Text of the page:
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Posts Tagged ‘ending violence’

Anti-human trafficking Asian task force launched in Los Angeles from the Inquirer, 1/18/2016

January 19th, 2016 No comments

img-icon-newsLOS ANGELES– California has the largest number of Asian Pacific Islanders (APIs) in the country, sees the most human trafficking cases among the 50 states in the U.S., the National Human Trafficking Resource Center reported in 2014. Yet resources for API trafficking victims and survivors are limited.

In response, the Asian Pacific Policy & Planning Council (A3PCON) launched the Asian Pacific Islander Human Trafficking Task Force, which was officially announced on Wednesday, January 13, at the Thai Community Development Center (TCDC) in Los Angeles.

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Proposal Dismantles Barrier Faced by KY Domestic Violence Victims from Public News Service, 01/19/2016

January 19th, 2016 No comments

img-icon-newsFRANKFORT, Ky. – A bill filed in the Kentucky House would give victims of domestic and dating violence the ability to legally break their home or apartment lease as they leave a dangerous situation. The sponsor of House Bill 41, Rep. Joni Jenkins (D-Shively), says the legislation will be heard in the House Judiciary Committee next week.

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Know how you can easily shut down domestic violence services? Erase women in need from official statistics from Independent, 1/19/2016

January 19th, 2016 No comments

img-icon-newsSylvia Walby’s research on violence against women in the UK is devastating for three reasons: violent crime against women is on the increase; the experiences of domestic violence survivors have been erased by the way official statistics are collected and the increase in violence parallels the removal of support services.

This research would not be as revelatory as it is, had the government actually been recording violence against women accurately. Currently, the number of crimes that one individual can report to the survey is capped at five. All Sylvia Walby did was remove that cap.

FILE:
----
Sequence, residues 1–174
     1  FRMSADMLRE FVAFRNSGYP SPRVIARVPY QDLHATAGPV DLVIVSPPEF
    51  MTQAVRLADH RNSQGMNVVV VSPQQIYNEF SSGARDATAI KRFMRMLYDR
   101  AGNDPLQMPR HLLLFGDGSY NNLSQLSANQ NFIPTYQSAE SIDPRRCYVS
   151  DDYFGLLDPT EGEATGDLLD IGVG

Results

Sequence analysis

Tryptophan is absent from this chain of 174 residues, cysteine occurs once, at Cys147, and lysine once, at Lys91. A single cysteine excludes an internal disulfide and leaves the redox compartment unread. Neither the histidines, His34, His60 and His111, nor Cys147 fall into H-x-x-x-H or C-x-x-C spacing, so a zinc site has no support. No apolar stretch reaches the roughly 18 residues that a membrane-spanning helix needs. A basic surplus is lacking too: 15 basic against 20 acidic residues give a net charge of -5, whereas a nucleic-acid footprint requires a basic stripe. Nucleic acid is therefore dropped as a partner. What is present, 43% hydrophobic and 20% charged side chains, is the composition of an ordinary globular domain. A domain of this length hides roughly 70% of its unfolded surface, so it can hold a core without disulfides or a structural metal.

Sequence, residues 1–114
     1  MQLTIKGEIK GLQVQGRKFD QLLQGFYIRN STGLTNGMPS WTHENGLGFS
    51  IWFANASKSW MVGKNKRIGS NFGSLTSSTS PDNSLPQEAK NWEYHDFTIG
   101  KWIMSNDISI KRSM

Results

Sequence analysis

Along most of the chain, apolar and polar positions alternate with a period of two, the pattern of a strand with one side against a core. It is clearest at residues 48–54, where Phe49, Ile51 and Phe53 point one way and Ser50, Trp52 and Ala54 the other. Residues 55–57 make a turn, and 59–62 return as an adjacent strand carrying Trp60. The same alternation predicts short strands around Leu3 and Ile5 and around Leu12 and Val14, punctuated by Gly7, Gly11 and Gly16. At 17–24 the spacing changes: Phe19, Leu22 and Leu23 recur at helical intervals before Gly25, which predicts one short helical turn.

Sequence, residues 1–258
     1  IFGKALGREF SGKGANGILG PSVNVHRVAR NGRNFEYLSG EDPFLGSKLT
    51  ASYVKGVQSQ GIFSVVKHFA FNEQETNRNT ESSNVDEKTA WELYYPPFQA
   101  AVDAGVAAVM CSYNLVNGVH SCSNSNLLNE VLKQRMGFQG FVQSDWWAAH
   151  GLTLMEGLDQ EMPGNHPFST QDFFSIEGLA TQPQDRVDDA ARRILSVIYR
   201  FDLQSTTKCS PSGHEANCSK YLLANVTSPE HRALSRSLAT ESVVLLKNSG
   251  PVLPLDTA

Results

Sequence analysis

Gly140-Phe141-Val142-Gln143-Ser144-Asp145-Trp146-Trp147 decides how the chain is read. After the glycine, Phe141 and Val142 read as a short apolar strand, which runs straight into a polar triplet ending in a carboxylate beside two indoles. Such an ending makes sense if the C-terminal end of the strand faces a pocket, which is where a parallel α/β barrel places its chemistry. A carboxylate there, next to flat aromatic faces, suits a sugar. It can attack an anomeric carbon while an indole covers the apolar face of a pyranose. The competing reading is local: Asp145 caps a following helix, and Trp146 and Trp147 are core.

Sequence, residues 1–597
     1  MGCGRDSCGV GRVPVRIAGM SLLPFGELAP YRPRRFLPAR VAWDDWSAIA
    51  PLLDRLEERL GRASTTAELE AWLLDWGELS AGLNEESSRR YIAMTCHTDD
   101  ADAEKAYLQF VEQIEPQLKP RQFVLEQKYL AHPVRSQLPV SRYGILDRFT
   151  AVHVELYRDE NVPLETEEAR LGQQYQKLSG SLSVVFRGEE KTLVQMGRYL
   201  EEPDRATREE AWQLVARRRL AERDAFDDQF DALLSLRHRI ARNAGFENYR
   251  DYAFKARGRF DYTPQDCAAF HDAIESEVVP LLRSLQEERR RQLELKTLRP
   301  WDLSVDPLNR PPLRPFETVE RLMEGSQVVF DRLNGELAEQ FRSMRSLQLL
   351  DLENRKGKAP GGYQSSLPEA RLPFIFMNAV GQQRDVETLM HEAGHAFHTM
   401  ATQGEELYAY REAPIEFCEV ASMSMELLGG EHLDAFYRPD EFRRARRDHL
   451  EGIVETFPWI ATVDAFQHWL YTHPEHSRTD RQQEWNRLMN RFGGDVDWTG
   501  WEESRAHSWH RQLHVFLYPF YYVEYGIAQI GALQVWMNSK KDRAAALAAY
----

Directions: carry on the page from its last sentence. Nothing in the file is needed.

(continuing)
Even if a woman has been assaulted by her partner five times, fifty times or five hundred times, the survey will only record five of those crimes. On a personal level, this systematically invalidates women’s experiences. On a statistical level, the experiences of “high frequency victims” – many of which are suffering domestic violence – are hugely under-reported.

The Office for National Statistics says it is necessary because otherwise the sheer number of crimes committed by perpetrators against the same individual would skew the rest of the statistics. That’s right: the harm done by perpetrators of domestic violence is so devastating that calculating it defies statistics.

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Face of domestic violence campaign says police didn’t listen from Associated Press, 1/18/2016

January 19th, 2016 No comments

img-icon-newsThe face of a Memphis domestic violence campaign says Memphis police didn’t take her situation seriously until she began appearing in a public service announcement.

Whitney Wood tells The Commercial Appeal police finally filed an aggravated assault charge against her ex-husband in November, nearly three years after she told officers he threw her into a wall and strangled her into unconsciousness in January 2013.

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Activists demand laws to protect men, kin from domestic violence from The Times of India, 01/14/2016

January 15th, 2016 No comments

img-icon-newsA recent domestic violence incident, in which a daughter-in-law was beating her mother-in-law has Indian’s advocating for more domestic violence laws and protections.

“Family laws in India protect only daughters-in-law. The reality is men and their families are also harassed by the daughters-in-law. These incidents are not even rare. Our organization has many similar complaints. As there is no law to punish such women, no action is taken against them,” said president of Save Indian Family Foundation (SIFF) Rajesh Vakharia.

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The Hundreds of Thousands of Victims of Germany’s Mass Sexual Assault from Slate, 01/12/2016

January 12th, 2016 No comments

img-icon-newsTensions in Germany have gotten exponentially worse since the disturbing wave of possibly coordinated violent assaults on women in Cologne on New Year’s Eve. Eighteen of the 31 people identified as suspects in the attacks, which included hundreds of sexual assaults and robberies, were asylum-seekers.

On Saturday, police clashed with around 1,700 protesters at a rally in the city organized by the anti-Islam group PEGIDA. Gangs have also attacked Muslims in apparently racially motivated incidents in Cologne and Leipzig. The government, meanwhile, has responded to the sexual assaults with new rules to make the deportation of foreign criminals easier.

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